Later, Heese was rumoured killed, and Handcock reported finding his body. On 7 September Morant, Handcock and two others shot three Boers coming in to surrender. Morant then led a successful patrol to capture alive an Irish-Boer leader, Kelly. After leave in Pretoria he returned to the Spelonken but on 22 October was, with Lenehan, Taylor, Picton, Witton and others, arrested.
A court of inquiry dragged on until on 15 January 1902 when charges were laid. Morant was charged with inciting various persons to kill Visser, the eight Boers, the three Boers, and Heese. Major J. F. Thomas, a solicitor from Tenterfield, New South Wales, was ordered at short notice to represent the accused and on 17 January the trial in relation to Visser began. On 23 January Boers attacked the blockhouses at Pietersburg where the court martial was taking place. Morant, Handcock and others were recalled to service and helped to beat off the attack. The hearing then continued. The existence of orders to take no prisoners, and the difficulties of guerilla warfare, were pleaded.
On 1 February the case of the eight Boers commenced. As in the first case, no finding was pronounced, nor was it after the next hearing, in relation to the three Boers. At the trial in relation to the missionary, Handcock, who was charged with and had originally confessed to the murder, gave an alibi. He claimed to have visited two Boer ladies at their farms on the day in question, and they corroborated his story. But other evidence leaves an irresistible inference that Heese was murdered at Morant's instigation. In 1929 Witton informed Thomas that Handcock had confessed the murder of Heese to Witton, and had implicated Morant as the instigator of 'a most premeditated and cold blooded affair'. The alibi was, however, accepted and acquittals pronounced on this charge.
Morant was convicted on each other charge, and sentenced to death, although the court recommended mercy on the grounds of provocation, good service and want of military experience. On 26 February Morant and Handcock were informed that they would be shot in the morning. Thomas in desperation sought to see Lord Kitchener, but he had gone out on trek. The sentences were duly carried out, and bravely endured, Handcock and Morant being shot by firing squad on 27 February in Pretoria. After Morant's execution Admiral Morant denied he was his father. The Defence Act (1903), limiting the offences for which sentence of death could be imposed by court-martial, and requiring such sentence to be confirmed by the governor-general, perhaps reflected public concern over the executions.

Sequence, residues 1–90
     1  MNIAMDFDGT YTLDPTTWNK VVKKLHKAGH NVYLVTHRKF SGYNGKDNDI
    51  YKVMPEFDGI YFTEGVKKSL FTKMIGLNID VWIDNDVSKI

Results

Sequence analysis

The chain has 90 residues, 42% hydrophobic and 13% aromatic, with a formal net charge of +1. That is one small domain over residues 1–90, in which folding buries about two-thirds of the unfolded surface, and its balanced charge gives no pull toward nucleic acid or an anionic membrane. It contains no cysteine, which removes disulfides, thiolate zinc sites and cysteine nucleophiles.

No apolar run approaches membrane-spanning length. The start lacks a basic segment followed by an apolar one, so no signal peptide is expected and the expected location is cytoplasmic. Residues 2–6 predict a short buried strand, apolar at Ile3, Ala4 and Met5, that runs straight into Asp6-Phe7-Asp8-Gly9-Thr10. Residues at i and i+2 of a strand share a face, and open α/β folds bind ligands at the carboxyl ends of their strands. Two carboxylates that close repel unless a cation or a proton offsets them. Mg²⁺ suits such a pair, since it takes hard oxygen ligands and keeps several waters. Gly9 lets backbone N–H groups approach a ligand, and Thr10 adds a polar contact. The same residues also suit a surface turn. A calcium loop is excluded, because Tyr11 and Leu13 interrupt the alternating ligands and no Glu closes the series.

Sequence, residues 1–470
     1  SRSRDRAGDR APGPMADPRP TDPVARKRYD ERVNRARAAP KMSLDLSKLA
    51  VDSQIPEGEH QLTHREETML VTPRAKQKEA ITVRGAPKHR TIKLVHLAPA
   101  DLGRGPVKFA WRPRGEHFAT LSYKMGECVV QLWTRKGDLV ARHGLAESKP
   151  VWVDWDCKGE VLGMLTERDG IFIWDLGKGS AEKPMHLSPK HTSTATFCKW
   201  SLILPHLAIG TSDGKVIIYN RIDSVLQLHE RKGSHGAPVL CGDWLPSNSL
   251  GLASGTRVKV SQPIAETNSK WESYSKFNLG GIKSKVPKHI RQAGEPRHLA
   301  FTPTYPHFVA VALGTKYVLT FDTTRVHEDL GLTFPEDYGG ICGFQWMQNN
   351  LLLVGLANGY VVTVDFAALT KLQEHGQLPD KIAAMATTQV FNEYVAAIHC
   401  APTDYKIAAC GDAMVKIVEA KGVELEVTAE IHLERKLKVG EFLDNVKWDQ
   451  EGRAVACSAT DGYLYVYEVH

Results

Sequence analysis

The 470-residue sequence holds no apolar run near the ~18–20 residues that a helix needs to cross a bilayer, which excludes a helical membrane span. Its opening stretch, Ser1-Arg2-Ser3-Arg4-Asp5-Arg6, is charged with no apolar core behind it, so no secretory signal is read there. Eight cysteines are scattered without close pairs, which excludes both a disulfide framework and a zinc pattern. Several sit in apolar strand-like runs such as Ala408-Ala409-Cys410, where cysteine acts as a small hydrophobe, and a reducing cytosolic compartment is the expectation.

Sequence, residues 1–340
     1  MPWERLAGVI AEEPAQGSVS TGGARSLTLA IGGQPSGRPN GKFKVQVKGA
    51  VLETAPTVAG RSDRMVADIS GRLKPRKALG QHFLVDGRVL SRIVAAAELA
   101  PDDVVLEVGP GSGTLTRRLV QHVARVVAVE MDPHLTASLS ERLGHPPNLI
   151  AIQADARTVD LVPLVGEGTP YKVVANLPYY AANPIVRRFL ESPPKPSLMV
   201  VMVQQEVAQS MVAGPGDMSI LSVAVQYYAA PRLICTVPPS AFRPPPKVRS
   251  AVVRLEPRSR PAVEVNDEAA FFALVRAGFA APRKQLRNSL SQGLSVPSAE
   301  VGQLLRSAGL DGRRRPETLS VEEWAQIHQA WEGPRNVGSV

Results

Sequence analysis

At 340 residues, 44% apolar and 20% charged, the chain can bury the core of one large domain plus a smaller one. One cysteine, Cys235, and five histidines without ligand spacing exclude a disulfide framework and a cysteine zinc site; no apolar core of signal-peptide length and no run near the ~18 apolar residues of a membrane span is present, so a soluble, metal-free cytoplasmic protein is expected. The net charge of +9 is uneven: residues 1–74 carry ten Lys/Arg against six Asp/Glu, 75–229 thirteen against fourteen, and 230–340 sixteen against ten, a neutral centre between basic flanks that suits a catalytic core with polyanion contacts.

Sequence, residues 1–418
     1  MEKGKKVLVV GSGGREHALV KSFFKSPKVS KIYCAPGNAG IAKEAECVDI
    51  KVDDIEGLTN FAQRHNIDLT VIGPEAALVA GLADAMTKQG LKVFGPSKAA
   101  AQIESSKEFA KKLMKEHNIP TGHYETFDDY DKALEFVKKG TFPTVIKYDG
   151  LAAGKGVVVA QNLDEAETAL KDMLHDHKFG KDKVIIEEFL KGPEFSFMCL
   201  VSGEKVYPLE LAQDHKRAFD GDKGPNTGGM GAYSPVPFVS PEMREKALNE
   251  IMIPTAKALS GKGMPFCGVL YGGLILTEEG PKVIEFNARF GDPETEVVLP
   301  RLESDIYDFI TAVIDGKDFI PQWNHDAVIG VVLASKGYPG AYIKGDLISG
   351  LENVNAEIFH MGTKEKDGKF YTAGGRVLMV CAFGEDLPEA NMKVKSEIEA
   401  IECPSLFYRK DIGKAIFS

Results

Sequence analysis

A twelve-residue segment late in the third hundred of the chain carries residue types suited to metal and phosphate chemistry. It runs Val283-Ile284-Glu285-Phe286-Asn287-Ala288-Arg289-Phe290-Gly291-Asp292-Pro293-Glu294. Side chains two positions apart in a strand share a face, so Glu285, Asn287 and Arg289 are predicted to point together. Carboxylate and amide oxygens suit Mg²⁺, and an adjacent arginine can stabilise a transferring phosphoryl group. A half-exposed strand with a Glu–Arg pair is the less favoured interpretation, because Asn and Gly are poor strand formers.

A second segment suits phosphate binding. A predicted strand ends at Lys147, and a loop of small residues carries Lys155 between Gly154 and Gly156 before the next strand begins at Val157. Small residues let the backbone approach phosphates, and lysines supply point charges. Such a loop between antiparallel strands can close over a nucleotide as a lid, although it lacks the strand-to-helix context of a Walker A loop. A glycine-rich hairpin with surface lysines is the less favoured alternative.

Probably the charge of which Morant was acquitted was the impetus for his execution. The acquittal, while certainly open on the evidence, is with hindsight and in the light of additional evidence best supported by the defence of condonation, based on the call to service during the attack on Pietersburg. That defence would not have had to deny what is now virtually undoubted, namely Morant's reprehensible incitement of the homicide of an innocent civilian. The defences put in the other cases were rightly rejected. Even if an order to take no prisoners had been lawfully given, the deaths of the Boers, who had ceased to resist and been taken prisoner, did not occur in pursuance of such an order. As folk hero he should be rejected, but he may be accepted as a man of many talents who, under the influence of weak or sadistic peers, was corrupted by the brutality of war.
The film Breaker Morant was released in 1980.
R. K. Todd, 'Morant, Harry Harbord (Breaker) (1864–1902)', Australian Dictionary of Biography, National Centre of Biography, Australian National University, http://adb.anu.edu.au/biography/morant-harry-harbord-breaker-7649/text13377, published first in hardcopy 1986, accessed online 4 December 2016.
This article was first published in hardcopy in Australian Dictionary of Biography, Volume 10, (MUP), 1986